C. Diff tricky to treat, but rarely terminal
By Keith Roach, M.D.
DEAR DR. ROACH: In December, I developed an abscess in my jaw from food getting caught in my tooth. I went to see a local dentist who prescribed clindamycin and metronidazole. I came down with a case of C. difficile. I have since found evidence that multiple antibiotics and clindamycin are causes of C. diff.
I am getting mixed messages about my prognosis. Some medical people are telling me it’s not a big deal and to just wash my hands a lot. My primary physician, however, gave me the impression that this is basically a terminal diagnosis.
She told me how sorry she was and that I had been a very healthy person but am not any longer. She told me that it will most likely recur, and every time it does it will be more difficult to treat until I become antibiotic resistant, and that people die from it. She also told me that she would set me up for the standard yearly appointment, but that I should come see her whenever I need to.
I am paranoid about what my future holds and what, if anything, I can do. I would like your opinion of this situation. Any guidance you can give me would be greatly appreciated. -- Anon.
ANSWER: Clostridium difficile (“C. diff”) infections are common but can be serious. As you correctly note, many antibiotics are associated with the acquisition of symptomatic C. diff infections, and although clindamycin is the best known, other antibiotics (quinolones, amoxicillin and related penicillins) are actually more common. The antibiotics kill off large numbers of healthy bacteria, allowing the unhealthy C. diff to take over.
The cardinal symptom of C. diff is watery diarrhea, at least three loose stools in 24 hours. Abdominal pain and cramping, nausea and poor appetite are common. Fever is less common. Symptoms can start during antibiotic treatment or up to a month after completing antibiotics.
Treatment is stopping the antibiotic if possible and if still being given. Antibiotic treatment against C. diff is with the newer drug fidaxomicin or with oral vancomycin; unfortunately, fidaxomicin is ridiculously expensive -- a course of fidaxomicin is $3,000 via goodrx.com in the U.S. at the time of writing. A course of oral vancomycin costs much less, often less than $200 through the same website. If neither of these is available, metronidazole is a less-expensive alternative.
Fidaxomicin has the lowest risk of recurrence of the infection, and many experts will reserve it for a person who has recurred after oral vancomycin. For the unusual person who continues to recur after antibiotic treatment, fecal microbiota transplants (processed from stool of healthy donors) have been safe and effective.
I am disturbed that you got the impression that C. diff is a terminal diagnosis. Although in rare cases, hospitalized patients can get so sick that they can die from C. diff, this would be very unusual in less severe disease, as in someone who is able to go home from the hospital.
Handwashing is necessary to reduce infection to others. Avoiding drugs like Prilosec that suppress acid can help prevent recurrences. Finally, probiotics (live healthy bacteria) may be of use in reducing infection and recurrence.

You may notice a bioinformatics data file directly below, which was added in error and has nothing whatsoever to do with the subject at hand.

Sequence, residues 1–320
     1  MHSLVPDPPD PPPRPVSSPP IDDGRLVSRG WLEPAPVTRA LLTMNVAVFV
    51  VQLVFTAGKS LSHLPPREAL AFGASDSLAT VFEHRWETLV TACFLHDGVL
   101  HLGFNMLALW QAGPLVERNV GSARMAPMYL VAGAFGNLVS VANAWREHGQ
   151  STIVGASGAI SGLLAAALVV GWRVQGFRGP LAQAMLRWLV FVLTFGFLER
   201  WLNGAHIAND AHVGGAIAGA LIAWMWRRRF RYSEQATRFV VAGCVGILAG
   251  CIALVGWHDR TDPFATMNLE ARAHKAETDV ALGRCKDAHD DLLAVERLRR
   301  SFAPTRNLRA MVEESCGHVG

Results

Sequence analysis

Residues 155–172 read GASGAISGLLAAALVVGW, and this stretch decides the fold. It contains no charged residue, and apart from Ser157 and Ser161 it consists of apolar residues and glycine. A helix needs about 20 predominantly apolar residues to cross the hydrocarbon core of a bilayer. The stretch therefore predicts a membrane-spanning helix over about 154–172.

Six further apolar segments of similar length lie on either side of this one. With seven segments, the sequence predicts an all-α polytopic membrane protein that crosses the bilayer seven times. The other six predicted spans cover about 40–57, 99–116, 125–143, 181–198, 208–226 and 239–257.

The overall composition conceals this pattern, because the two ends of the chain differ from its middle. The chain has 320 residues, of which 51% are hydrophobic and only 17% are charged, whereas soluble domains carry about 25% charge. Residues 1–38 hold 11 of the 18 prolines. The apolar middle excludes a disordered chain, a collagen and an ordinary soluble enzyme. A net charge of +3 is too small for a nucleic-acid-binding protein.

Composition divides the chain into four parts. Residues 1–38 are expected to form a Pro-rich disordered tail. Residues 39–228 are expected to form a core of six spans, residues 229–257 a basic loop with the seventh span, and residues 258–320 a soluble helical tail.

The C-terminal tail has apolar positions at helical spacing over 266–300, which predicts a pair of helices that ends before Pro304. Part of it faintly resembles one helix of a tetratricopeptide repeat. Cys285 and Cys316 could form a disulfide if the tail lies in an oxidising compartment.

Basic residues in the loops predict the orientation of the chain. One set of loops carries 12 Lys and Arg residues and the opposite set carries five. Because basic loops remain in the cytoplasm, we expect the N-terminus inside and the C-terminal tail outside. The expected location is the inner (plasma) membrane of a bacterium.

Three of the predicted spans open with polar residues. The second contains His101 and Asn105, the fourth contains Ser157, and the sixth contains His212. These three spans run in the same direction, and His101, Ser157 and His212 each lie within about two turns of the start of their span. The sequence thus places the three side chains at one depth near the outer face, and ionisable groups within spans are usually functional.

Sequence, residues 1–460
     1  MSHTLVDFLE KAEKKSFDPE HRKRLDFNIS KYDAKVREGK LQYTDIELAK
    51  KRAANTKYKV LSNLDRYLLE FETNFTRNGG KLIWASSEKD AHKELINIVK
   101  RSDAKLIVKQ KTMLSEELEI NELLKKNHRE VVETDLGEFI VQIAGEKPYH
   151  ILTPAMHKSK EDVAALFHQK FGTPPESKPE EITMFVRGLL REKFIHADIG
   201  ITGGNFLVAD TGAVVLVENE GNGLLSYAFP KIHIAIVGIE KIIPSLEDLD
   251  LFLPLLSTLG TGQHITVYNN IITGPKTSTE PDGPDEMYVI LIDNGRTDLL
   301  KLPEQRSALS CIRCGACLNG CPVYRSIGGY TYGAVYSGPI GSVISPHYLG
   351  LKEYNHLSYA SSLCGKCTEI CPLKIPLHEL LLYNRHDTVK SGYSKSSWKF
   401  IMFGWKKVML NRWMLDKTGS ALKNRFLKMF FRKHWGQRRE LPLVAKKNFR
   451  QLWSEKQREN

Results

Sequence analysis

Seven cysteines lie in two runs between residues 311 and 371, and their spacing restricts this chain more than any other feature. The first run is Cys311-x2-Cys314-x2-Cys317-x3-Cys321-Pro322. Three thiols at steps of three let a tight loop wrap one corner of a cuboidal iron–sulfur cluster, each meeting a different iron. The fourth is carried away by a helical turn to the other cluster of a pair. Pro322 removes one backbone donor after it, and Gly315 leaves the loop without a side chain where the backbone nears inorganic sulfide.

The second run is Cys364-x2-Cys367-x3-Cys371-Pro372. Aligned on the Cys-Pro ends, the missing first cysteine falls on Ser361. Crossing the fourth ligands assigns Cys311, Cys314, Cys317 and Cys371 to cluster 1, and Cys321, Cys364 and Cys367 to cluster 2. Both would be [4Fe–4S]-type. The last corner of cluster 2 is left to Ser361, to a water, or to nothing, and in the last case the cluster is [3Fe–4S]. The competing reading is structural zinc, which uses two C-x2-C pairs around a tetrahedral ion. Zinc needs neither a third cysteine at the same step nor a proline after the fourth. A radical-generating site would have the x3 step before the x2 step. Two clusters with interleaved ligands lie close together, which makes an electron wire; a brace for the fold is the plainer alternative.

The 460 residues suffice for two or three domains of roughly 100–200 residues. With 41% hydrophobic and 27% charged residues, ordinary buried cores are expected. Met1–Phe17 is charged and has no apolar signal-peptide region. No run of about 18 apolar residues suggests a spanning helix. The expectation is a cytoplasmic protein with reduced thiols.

Commercial lab tests vs genetic counseling
DEAR DR. ROACH: I have a daughter (almost 31 years) who is concerned about Charcot-Marie-Tooth syndrome. Her maternal grandmother has been diagnosed with that condition. She is interested in seeking out a genetic test for the condition to learn if she is susceptible. She was referred to a commercial, direct-to-consumer laboratory for the test.
How likely is it that a lab test for this specific condition would be accurate? Should she be doing all of this through either a particular type of genetics counselor or her private physician (internist) rather than an independent effort? -- R.C.
ANSWER: Charcot-Marie-Tooth disease is the eponym given to a family of hereditary motor sensory neuropathies: diseases that affect the nerves that carry the impulses necessary for movement and sensation. The initial symptoms are most commonly weakness and atrophy in the feet, followed by similar problems in the hands and sensory changes.
The diagnosis may be made by EMG testing (electromyography, a needle study of the electrical activity of the muscles), but genetic testing is another way of making the diagnosis. If her grandmother has a known mutation, then genetic testing is likely to give her confirmation of her own status.
Commercial genetic testing is certainly available, and probably accurate. However, I would still recommend a visit to a genetic counselor. This may require a referral from her primary-care doctor. The correct test to order, and its interpretation, depends on the exact diagnosis of her grandmother’s condition, since there are many genetic variations of Charcot-Marie-Tooth. It is likely that your daughter will have questions after the test results, and the benefit of having an experienced clinician there to answer them would be invaluable.
Dr. Roach regrets that he is unable to answer individual questions, but will incorporate them in the column whenever possible. Readers may email questions to [email protected] (c) 2021 North Am